Poland

Openness and transparency

Information about access to parliamentary documents, parliament’s reporting to the public, parliament’s relation to Freedom of Information laws, and lobbying.

Parliamentary documents

The agendas of plenary meetings are published online in advance The agendas of plenary meetings are published online in advance.
The agendas of committee meetings are published online in advance The agendas of committee meetings are published online in advance.
Results of votes on draft legislation are published on the parliamentary web site Results of votes on draft legislation are published on the parliamentary web site.
Draft legislation is published on the parliamentary website Draft legislation is published on the parliamentary website.
Citizens can submit comments on draft legislation on the parliamentary web site

Annual reporting by parliament

Parliament publishes an annual report on its activities
Notes Some parliaments publish monthly/quarterly reports.
Some statistical data on basic Sejm activities, broken down annually, are published on the. parliaments website.
https://www.sejm.gov.pl/Sejm9.nsf/page.xsp/prace_sejmu
Parliament publishes the parliamentary budget
Level of detail of the parliamentary budget made available to the public Level of detail of the parliamentary budget made available to the public: Only the total amount; A summary of the main elements; The complete budget
A summary of the main elements
The parliamentary budget is available on the parliamentary web site
Yes

Access to parliament

Plenary meetings are open to the public
Notes
The access is limited by the capacity of the visitors gallery.
Article 172 of the Standing Orders of the Sejm:
1. Sittings of the Sejm shall be open to the public. The public nature of sittings of the Sejm shall be particularly ensured by:
1) prior information to the general public about sittings of the Sejm;
2) enabling the press, radio and television to report on sittings of the Sejm;
3) enabling the public, subject to regulations made by the Marshal of the Sejm, to watch the sittings from the gallery in the Chamber.
Regulations of the Marshal of the Sejm are published here: https://www.sejm.gov.pl/Sejm9.nsf/page.xsp/obserwowanie_obrad
The Sejm may, on a motion of the Presidium of the Sejm or at least 30 Deputies, resolve to hold a sitting in camera without admittance to the public, the representatives of the press, radio and television. The resolution in favour of a closed debate must be passed by an absolute majority vote in the presence of at least half of the total number of Deputies.
Article 198e: In the case of a sitting is held via electronic means of distance communication, the sitting will be transmitted to the public via a telecommunication network.
Regardless, it is customary that all plenary sittings of the Sejm are broadcast via webcast.
Committee meetings are open to the public
Notes
There is no general provision on the openness of committee meetings as is the case for the Sejm plenary meetings. However:
Article 154 of the Sejm Standing Orders provides for participation in committee meetings of representatives of the society and experts by invitation, and the employees of the offices of Deputies' clubs and the media, with consent.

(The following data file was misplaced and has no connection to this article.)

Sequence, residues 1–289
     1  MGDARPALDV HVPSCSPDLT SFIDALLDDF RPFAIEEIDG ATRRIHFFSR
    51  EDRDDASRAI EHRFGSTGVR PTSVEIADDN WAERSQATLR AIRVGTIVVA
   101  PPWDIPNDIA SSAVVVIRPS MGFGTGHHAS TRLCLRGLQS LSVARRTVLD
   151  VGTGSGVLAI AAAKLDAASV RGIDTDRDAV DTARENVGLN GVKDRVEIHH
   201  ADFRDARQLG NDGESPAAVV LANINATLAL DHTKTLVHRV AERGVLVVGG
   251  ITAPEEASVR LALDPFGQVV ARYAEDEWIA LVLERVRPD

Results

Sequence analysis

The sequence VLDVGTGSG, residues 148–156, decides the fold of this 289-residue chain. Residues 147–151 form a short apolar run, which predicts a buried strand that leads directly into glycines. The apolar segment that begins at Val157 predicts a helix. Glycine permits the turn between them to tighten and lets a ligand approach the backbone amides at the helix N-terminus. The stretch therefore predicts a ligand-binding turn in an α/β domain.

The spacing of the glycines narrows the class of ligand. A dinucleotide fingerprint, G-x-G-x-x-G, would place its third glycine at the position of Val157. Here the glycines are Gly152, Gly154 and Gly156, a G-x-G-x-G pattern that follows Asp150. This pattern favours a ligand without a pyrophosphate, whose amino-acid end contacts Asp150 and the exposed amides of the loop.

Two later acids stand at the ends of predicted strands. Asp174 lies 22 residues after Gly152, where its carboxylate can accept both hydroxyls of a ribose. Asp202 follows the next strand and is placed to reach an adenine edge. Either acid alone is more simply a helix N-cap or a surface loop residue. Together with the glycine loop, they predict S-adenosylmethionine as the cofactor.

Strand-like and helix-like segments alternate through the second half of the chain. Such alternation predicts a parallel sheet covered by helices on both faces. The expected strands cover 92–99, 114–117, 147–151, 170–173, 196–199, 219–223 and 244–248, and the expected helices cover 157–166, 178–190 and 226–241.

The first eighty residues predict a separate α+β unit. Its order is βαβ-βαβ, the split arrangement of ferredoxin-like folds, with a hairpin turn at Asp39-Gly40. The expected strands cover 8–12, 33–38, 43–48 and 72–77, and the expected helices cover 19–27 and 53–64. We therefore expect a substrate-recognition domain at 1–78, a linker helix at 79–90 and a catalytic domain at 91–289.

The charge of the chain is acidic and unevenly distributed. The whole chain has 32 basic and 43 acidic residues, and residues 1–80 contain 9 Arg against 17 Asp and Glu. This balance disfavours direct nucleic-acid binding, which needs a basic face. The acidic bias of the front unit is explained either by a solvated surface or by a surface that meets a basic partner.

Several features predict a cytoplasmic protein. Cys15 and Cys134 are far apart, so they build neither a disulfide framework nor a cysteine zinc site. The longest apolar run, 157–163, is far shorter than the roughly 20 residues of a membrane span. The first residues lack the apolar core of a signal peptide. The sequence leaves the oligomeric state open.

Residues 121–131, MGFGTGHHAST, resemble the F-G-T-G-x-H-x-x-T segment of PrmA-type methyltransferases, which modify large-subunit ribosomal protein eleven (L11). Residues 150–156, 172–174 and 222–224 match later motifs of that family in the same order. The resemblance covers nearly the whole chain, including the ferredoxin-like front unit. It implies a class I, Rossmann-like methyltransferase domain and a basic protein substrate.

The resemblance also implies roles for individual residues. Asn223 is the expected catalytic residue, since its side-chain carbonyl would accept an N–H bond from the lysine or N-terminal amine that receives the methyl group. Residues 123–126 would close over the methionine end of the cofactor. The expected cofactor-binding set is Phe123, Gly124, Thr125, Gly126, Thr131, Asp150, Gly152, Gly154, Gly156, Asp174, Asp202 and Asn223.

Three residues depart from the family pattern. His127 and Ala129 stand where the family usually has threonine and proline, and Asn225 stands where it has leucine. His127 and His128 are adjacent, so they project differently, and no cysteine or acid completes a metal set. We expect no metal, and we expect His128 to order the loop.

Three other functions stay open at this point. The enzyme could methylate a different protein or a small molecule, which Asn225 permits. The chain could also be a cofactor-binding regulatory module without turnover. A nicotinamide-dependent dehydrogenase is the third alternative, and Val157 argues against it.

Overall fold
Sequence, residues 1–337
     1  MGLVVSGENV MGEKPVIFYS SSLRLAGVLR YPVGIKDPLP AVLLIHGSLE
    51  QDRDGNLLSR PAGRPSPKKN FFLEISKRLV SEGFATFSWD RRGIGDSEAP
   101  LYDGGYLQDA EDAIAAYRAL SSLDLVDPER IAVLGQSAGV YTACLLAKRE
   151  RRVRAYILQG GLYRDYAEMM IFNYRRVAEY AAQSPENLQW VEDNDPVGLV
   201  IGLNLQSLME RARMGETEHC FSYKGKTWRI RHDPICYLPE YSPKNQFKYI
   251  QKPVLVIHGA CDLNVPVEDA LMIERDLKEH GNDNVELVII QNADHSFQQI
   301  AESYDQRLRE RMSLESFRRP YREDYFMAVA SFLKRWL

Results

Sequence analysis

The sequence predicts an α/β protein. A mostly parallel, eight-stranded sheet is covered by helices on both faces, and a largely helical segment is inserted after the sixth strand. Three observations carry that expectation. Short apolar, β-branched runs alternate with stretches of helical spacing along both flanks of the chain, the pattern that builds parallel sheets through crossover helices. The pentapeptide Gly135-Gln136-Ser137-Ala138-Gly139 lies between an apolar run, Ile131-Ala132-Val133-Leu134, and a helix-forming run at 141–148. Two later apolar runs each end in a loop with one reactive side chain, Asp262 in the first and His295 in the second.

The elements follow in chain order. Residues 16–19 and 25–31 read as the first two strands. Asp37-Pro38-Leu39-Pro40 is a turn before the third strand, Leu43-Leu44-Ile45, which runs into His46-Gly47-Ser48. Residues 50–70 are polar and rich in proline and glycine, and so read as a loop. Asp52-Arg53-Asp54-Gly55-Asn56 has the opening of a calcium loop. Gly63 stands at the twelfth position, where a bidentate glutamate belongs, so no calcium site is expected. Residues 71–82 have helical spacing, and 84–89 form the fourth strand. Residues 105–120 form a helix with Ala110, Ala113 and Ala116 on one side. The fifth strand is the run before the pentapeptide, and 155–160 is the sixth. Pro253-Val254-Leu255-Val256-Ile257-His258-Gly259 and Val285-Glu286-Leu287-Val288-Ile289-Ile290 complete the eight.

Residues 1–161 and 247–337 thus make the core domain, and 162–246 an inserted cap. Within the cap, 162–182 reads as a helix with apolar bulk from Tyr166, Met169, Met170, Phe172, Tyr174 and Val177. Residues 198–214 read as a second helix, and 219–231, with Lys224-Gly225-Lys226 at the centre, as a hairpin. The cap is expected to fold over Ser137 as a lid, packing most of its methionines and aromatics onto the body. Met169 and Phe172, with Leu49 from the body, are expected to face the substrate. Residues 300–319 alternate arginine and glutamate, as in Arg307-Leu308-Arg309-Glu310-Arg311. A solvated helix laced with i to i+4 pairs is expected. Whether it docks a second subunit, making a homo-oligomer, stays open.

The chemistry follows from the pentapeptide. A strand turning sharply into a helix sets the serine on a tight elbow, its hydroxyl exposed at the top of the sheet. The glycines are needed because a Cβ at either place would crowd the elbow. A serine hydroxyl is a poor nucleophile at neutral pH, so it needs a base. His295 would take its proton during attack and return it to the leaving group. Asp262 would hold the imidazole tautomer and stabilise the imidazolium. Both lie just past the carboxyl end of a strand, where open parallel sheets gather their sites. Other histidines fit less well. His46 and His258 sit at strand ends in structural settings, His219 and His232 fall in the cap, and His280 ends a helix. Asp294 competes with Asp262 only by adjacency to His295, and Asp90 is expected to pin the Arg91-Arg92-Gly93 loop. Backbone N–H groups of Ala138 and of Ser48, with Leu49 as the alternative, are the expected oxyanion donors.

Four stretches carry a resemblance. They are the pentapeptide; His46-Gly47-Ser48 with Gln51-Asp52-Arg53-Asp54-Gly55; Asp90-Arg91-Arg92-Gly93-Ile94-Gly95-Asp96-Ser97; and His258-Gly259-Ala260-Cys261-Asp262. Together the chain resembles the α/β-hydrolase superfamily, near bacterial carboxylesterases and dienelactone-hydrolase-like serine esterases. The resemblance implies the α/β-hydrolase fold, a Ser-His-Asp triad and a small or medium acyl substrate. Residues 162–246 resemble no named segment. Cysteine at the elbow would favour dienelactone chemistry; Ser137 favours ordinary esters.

Articles 70a – 70i permit opening committee meetings in special cases, such as for a public hearing.
It is customary to broadcast committee meetings via webcast.
There is a dedicated channel for broadcasting parliamentary meetings A dedicated channel is one that is mainly about parliament, and is accessible free of charge to the general public. The channel might be owned by Parliament or a public or private company. Dedicated channels may be broadcast by parliament, government, or another broadcaster. They may be carried on television, radio or the Internet (webcasting).
Media used for the dedicated channel
Webcast
Meetings broadcast on the dedicated channel
Plenary sittings
Committee meetings

Freedom of information

There is a freedom of information law in the country
Yes
Parliament is subject to the freedom of information law
Parliament has an office/division dedicated to FOI requests
Yes
Categories of Information that are exempt from disclosure Certain categories of information may be exempt from disclosure
The Access to Public Information Act of 6 September 2001, available in the Journal of Law (Dziennik Ustaw) 2020, item 2176) as amended, provides exemptions via Article 5 for classified information and other secrets protected by law, and the privacy of a natural person or business secret, though restrictions do not apply to information on persons performing public functions related to their work and those who have waived their right.
In general, the right to public information shall be limited to the extent and on the terms specified in the provisions on mandatory restructuration.

https://isap.sejm.gov.pl/isap.nsf/download.xsp/WDU20200002176/T/D20202176L.pdf

Pursuant to the Constitution, limitations on the right to obtain information may be imposed by statute solely to protect the freedoms and rights of other persons or entities, public order, security or important economic interests of the State (Constitution, art. 61).

Lobbying

There are rules about the activities of lobbyists in parliament
Source
Act of 7 July 2005 on Lobbying Activities in the Law-making Process, consolidated text in Dziennik Ustaw [Journal of Law] 2017, item 248: https://isap.sejm.gov.pl/isap.nsf/download.xsp/WDU20170000248/O/D20170248.pdf

Standing Orders of the Sejm (Articles 201b, 201d, 70b(2)), consolidated text in Official Gazette “Monitor Polski” 2021, item 483 as amended: https://oide.sejm.gov.pl/oide/en/index.php?option=com_content&view=article&id=14798&catid =7#1
There is a register of accredited lobbyists
The register of accredited lobbyists is available on the parliamentary web site
Yes